For the past seven years, Tawny Galles has wanted a book-sharing box in her yard.
For those who know her, it’s no surprise — she loves books, she loves kids, she loves sharing and she loves cute things. Combine all of those and you get a little, free library. But life and a lack of wood construction tools and know-how kept it from happening.
Two weeks ago, a pre-constructed neighborhood sharing library from Little Free Library arrived on her doorstep and by the end of the day, it was standing on a post in her front yard in the Clarkston Heights.
Galles received her library through the Impact Library Program with Little Free Library, which fosters neighborhood book exchanges around the world. The Impact Library Program provides book-sharing boxes free of charge in places where they are believed to make a difference in motivating readers and connecting the community through books.
Anyone can put up a Little Free Library, though those who wish to be associated with the organization must pay a one-time $40 fee. This registration provides them with a charter number and puts them on the Little Free Library map.
People can build their own boxes using any number of materials or they can buy one at the Little Free Library website. Those sold on the website come in a variety of styles and finishes and have the charter number and fee included. They cost anywhere from $149 for a small box, generally used as a “library addition,” to $2,500 for a adult-height book sharing “pole.” The standard unfinished two-shelf library is $299.
Galles first noticed book sharing libraries on the western side of Washington state where she grew up — some neighborhoods over there are filled with them, she said. But because of the price on the official website, a pre-constructed library box wasn’t an option, so she pursued other ideas.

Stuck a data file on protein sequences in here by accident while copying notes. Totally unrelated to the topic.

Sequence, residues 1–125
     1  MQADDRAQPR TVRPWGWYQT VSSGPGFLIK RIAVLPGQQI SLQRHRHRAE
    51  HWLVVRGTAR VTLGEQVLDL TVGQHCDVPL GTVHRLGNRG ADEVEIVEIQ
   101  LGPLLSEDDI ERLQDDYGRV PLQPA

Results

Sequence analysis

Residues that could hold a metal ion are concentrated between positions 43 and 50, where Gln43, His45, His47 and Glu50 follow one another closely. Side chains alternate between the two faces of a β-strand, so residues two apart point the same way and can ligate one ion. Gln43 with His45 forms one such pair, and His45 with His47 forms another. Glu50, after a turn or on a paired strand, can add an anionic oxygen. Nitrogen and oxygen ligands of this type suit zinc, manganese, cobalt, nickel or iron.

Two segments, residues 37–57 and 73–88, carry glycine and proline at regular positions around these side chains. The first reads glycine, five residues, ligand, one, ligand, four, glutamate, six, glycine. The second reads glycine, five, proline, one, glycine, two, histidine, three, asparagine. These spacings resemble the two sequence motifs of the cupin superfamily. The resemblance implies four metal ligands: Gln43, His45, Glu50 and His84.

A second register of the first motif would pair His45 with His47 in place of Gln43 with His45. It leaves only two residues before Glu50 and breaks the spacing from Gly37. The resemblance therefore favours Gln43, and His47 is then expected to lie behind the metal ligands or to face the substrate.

“I was desperate enough that I wondered if maybe I could build this thing,” Galles said.
She was looking online for simple designs when she found the Impact Library Program on the Little Free Library website. Galles applied for the program in April, citing local income levels and her proximity to schools as reasons a book-sharing box might have community value in her yard. Her application was approved and the library arrived less than two months later, along with a mounting pole, a number of books and tips on running a successful library.
Participation in the program comes with obligations, including one to talk to local media who inquire about it. Galles — who will manage the box with the help of her four kids — also has to keep the box stocked with books for a minimum of one year and must host a neighborhood activity.
The library will be painted and decorated in time — for now, at least it’s up and there are books inside waiting for new owners. Galles doesn’t know what to expect but she’s hoping the library fosters interaction in the neighborhood and that it will get kids excited to read. And, she added with a laugh, she’s selfishly hoping to enjoy a few new books herself.